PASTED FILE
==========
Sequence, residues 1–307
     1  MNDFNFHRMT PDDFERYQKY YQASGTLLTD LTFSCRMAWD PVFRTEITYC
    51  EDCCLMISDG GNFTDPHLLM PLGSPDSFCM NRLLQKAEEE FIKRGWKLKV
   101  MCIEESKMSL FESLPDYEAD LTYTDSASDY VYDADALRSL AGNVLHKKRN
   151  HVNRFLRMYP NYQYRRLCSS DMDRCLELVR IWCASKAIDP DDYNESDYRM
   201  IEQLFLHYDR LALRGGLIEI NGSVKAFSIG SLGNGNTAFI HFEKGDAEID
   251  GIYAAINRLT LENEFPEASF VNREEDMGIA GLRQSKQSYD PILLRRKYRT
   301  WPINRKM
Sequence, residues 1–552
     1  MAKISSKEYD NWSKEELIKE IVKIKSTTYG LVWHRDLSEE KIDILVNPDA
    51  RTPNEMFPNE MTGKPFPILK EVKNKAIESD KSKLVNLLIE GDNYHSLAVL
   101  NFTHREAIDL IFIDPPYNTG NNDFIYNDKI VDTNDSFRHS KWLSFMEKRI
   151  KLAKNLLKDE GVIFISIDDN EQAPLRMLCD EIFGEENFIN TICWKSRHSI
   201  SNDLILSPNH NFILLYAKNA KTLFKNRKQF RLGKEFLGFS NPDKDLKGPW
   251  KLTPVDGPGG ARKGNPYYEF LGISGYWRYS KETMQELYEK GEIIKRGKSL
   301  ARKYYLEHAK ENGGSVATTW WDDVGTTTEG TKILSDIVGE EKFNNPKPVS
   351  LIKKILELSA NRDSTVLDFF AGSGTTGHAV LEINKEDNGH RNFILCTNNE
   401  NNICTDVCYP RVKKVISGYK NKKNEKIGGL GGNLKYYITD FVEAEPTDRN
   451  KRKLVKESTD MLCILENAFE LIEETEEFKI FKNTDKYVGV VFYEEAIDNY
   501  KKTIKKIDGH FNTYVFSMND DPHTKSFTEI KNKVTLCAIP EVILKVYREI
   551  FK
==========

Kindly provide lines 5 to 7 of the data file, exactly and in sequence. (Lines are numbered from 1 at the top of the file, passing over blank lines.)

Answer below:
   151  HVNRFLRMYP NYQYRRLCSS DMDRCLELVR IWCASKAIDP DDYNESDYRM
   201  IEQLFLHYDR LALRGGLIEI NGSVKAFSIG SLGNGNTAFI HFEKGDAEID
   251  GIYAAINRLT LENEFPEASF VNREEDMGIA GLRQSKQSYD PILLRRKYRT